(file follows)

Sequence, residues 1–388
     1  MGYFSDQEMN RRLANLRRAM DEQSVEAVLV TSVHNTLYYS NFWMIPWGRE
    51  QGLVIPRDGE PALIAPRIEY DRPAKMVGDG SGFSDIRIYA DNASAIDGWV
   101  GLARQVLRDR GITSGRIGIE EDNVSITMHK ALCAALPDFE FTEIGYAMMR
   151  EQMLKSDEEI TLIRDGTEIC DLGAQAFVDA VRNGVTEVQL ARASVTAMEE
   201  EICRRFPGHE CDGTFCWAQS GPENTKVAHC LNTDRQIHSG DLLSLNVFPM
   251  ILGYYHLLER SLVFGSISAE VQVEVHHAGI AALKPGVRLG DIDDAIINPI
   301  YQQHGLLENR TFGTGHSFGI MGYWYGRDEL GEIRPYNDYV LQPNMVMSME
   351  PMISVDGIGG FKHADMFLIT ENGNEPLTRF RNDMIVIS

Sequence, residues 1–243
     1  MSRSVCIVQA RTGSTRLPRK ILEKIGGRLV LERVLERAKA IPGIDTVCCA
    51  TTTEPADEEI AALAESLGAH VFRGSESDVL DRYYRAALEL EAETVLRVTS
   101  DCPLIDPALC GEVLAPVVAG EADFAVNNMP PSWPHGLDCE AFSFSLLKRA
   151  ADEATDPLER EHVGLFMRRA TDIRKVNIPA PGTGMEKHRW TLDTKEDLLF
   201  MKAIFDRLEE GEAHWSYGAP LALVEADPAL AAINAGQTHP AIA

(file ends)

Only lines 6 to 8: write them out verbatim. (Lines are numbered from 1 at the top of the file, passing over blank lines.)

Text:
   201  EICRRFPGHE CDGTFCWAQS GPENTKVAHC LNTDRQIHSG DLLSLNVFPM
   251  ILGYYHLLER SLVFGSISAE VQVEVHHAGI AALKPGVRLG DIDDAIINPI
   301  YQQHGLLENR TFGTGHSFGI MGYWYGRDEL GEIRPYNDYV LQPNMVMSME